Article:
|FCA Examination Manual|
|Module||Planning and Monitoring |
Monitoring consists of the activities associated with ongoing surveillance of Farm Credit System (FCS) institutions to keep abreast of significant changes in risk. Monitoring activities should be tailored to the condition of the institution and its operating environment. Follow-up that may result from monitoring should be appropriate and timely. Monitoring activities typically consist of reviewing financial information and various other information and documents obtained from a myriad of sources. The depth of review can and oftentimes will cross over into the realm of examination analysis. This usually occurs when the information submitted is sufficient enough to allow for a thorough examination from which conclusions can be reached. Since examiners have the latitude to perform most examination activities off site, monitoring and off-site examination are complementary activities that facilitate the efficient and effective use of resources while providing regulatory oversight of FCS institutions. Insights gained through monitoring and off-site examination activities are also incorporated into ongoing institutional examination planning, thereby enhancing that portion of the examination process.
The objectives of monitoring are to provide timely recognition of changing risk in an institution and gain efficiencies by facilitating off-site examination activities. These objectives are commonly accomplished through:
- Identifying concerns early enough to initiate corrective action before serious problems result;
- Determining if appropriate and timely corrective actions are being taken;
- Providing input to institutional examination planning; and
- Enhancing communication between individual institutions and FCA.
Each Associate Regional Director (ARD) is responsible for establishing a monitoring program that identifies specific responsibilities, reporting, and controls. The Annual Operating Plan (AOP) provides general monitoring strategies and guidelines after considering risks such as macro- and micro-economic conditions and the institution's size, condition, and management effectiveness. Monitoring of each institution is assigned to a specific examiner(s) who is accountable for ensuring these activities are carried out. Individual institutional assignments for monitoring are documented by each field office either as a part of its AOP or a supplement thereto. Monitoring examiners should be cognizant of prior Reports of Examination, off-site activity reports, monitoring strategies documented in the field office's AOP, external conditions, and the most recent resource recommendations made on form FCA 1000.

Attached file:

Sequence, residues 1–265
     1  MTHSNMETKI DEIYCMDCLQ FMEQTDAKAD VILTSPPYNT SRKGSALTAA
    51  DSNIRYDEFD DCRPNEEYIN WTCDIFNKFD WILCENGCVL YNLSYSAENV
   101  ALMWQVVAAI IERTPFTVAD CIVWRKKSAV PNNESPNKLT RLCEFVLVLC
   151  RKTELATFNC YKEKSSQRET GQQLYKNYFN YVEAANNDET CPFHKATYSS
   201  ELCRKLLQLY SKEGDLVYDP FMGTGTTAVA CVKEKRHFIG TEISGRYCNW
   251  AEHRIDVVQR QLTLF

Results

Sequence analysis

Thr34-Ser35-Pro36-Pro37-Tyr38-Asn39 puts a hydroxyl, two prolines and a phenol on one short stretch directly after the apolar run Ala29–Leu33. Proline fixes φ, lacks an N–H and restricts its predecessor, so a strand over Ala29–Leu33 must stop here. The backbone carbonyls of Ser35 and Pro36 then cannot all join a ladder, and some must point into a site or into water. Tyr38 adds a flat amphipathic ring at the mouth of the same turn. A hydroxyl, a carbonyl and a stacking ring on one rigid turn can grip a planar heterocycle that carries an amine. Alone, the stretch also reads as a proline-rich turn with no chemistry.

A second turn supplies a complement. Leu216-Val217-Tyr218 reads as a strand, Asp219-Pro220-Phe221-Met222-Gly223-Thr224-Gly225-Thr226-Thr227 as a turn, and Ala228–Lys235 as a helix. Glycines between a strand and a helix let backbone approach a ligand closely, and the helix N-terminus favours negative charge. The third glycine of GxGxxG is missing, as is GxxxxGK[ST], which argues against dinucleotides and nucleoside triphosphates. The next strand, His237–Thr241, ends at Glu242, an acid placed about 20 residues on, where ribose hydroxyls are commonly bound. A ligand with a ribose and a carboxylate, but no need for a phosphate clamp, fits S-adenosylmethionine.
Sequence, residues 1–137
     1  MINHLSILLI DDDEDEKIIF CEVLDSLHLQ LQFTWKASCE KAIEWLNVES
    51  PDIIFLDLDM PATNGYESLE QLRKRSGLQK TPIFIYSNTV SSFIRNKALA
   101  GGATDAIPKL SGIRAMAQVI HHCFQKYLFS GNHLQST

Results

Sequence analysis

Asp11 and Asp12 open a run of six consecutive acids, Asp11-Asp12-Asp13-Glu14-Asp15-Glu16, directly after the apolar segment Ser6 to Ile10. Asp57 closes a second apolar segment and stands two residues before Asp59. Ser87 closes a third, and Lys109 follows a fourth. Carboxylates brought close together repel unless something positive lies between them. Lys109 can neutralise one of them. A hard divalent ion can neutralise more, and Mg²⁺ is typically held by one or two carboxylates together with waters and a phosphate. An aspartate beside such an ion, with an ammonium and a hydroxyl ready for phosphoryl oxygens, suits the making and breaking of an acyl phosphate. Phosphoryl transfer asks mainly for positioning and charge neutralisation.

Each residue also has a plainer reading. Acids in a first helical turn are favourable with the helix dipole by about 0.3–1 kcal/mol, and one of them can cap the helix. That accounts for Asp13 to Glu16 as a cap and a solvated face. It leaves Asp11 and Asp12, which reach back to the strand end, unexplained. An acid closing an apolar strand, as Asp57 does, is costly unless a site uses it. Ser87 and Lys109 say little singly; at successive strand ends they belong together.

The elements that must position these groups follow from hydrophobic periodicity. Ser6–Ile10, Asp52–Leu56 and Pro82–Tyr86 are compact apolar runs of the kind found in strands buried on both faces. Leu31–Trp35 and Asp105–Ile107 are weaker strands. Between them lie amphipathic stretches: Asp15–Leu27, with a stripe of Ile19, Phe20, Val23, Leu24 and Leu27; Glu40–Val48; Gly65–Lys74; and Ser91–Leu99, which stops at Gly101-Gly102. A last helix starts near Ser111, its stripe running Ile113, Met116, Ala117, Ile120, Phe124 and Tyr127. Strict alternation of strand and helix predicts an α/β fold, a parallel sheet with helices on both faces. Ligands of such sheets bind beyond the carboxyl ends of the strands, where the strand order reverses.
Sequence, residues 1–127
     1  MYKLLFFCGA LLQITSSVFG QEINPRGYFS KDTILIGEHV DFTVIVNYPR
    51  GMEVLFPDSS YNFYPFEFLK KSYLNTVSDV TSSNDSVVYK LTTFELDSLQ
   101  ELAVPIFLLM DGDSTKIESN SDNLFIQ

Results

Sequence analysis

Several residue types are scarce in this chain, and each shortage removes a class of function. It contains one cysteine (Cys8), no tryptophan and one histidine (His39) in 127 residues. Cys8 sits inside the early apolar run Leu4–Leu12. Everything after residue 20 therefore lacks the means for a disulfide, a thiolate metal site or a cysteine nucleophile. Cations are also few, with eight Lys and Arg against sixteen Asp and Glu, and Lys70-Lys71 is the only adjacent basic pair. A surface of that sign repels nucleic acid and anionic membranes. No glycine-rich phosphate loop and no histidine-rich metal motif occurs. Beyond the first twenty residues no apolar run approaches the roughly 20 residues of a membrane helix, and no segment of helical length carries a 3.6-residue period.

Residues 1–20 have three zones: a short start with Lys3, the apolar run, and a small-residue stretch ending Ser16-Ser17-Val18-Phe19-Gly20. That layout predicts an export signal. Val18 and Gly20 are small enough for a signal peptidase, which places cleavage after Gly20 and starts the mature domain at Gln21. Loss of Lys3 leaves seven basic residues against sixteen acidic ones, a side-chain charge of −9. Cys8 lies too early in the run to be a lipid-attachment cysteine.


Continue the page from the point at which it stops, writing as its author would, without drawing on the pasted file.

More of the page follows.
The use of information from various sources is necessary for an effective and efficient monitoring process. Information is available to examiners in three primary forms: FCA-generated, FCS-reported, and external sources.
FCA-Generated--A wide range of information is available through various resources within FCA. Some of these sources are:
- Institution Permanent Files--Permanent files provide the main source of background information on an institution. FCA's past evaluations of the institution, including planning documents, Reports of Examination, FCA Rating System Summaries, off-site activity reports, and related correspondence, are available in the permanent files.
- Enforcement Action Files--Enforcement files are maintained for institutions under enforcement actions. These documents are available for review by examiners as needed. Many of the documents in the enforcement files are forwarded to the respective field offices for informational purposes on a routine basis.
- Consolidated Reporting System (CRS)CRS provides examiners with detail and summary information on institutions' financial condition and performance. The information in CRS is developed from Call Reports submitted by FCS institutions. Examiners can electronically obtain all schedules of the Call Reports as submitted quarterly by the FCS institutions. Consolidated and peer group information are also available. Examiners should refer to the Analytical Review section for examples of summary reports.
- Special Studies/Analyses--The agency performs agricultural economic studies on FCS districts. These studies and reports provide useful information on such issues as real estate value trends, commodity prices, product yields, etc., for a district or other geographic area.
FCS-Reported--FCS institutions routinely supply various documents and reports to FCA. These items represent important sources of information for the monitoring process. Examples of FCS-reported information include: